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Amnesty Sends Letter To Top Iran Judge For Detained Anti-Hijab Activists

Iranian women’s rights defenders Monireh Arabshahi (Center), Yasaman Aryani (Left) and Mojgan Keshavarz (Right) have been detained in Shahr-e Ray prison, outside Tehran, since April 2019.

The human rights global organization Amnesty International has sent a letter to Iran’s top judicial official demanding the release of three anti-hijab women activists detained since April.

The letter is addressed to Ebrahim Raeesi (Raisi), a conservative cleric appointed as head of the all-powerful judiciary earlier this year.

Amnesty says in the letter the women, Monireh Arabshahi, Yasaman Aryani and Mojgan Keshavar have been arrested arbitrarily with no access to lawyer. The arrest took place on April 10, after a video emerged in March, on international women’s day showing the activists without headscarf.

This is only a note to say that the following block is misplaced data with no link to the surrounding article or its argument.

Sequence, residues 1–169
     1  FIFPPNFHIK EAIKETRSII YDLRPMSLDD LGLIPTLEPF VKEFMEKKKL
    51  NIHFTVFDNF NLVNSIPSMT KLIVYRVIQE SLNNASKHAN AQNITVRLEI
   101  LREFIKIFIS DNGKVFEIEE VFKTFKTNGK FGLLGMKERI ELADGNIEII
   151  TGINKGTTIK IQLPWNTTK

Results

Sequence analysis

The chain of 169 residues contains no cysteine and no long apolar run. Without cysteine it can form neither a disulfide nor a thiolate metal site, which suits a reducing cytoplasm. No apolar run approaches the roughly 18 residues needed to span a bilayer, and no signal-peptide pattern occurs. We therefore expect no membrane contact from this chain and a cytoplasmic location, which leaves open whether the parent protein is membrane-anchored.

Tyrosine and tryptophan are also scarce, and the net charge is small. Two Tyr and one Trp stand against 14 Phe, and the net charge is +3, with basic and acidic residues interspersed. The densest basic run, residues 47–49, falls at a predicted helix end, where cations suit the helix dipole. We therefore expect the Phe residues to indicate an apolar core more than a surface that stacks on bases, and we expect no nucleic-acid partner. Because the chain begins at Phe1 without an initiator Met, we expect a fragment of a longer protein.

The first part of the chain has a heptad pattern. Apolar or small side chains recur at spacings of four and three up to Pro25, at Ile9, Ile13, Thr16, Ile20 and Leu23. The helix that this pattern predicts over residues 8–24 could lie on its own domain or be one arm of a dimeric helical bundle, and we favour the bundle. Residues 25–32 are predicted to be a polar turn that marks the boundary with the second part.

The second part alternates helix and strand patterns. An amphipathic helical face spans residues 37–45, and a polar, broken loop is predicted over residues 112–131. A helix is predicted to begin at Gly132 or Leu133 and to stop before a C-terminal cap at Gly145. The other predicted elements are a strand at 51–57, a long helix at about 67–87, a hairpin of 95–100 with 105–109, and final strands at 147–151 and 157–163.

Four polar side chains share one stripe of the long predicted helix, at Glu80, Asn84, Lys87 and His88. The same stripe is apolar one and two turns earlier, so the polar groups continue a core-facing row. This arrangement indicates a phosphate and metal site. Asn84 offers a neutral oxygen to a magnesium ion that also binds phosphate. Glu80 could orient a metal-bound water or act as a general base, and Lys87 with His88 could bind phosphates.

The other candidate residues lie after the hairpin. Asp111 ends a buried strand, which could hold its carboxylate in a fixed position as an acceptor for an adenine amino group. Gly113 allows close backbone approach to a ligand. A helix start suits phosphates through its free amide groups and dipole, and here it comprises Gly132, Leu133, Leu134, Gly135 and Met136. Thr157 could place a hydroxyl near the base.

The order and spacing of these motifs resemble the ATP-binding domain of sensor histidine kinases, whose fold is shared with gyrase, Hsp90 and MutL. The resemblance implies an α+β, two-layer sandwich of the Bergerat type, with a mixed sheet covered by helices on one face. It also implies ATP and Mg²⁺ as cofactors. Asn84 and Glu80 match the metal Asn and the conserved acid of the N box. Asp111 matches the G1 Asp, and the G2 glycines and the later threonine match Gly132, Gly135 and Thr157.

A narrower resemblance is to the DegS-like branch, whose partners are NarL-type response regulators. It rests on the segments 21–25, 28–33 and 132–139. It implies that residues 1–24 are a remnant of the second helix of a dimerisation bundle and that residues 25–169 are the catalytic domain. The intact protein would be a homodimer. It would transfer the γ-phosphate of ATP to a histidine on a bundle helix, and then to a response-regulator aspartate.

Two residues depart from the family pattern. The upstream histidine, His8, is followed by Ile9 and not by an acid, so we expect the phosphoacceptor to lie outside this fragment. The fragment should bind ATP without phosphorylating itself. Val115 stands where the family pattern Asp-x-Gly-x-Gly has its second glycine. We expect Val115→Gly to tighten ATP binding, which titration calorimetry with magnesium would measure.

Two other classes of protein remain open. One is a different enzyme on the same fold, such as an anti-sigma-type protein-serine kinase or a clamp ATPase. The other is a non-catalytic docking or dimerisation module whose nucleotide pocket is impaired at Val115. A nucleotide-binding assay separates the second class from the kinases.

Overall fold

Since December 2017, a women’s movement of removing headscarves started in Iran, which became known as Girls of Revolution Street, when for the first time a young woman removed her hijab and hoisted it on a stick as a sing of protest in Tehran's Revolution Street..

There is no explicit law in Iran mandating hijab, but shortly after the 1979 revolution, the newly established Islamic government and its vigilante supporters began forcing women to follow a dress code.

Amnesty reports that the three women were taken a Revolutionary Court for an indictment hearing on June 26. The judge was reportedly abusive toward the defendants, telling them “You all appear to be addicts” and “I will make you all suffer”.

They were charged with “gathering and colluding to commit crimes against national security”, “spreading propaganda against the system” and “inciting and facilitating corruption and prostitution” through promoting “unveiling”, in connection to their campaigning against forced veiling laws, although that remains vague.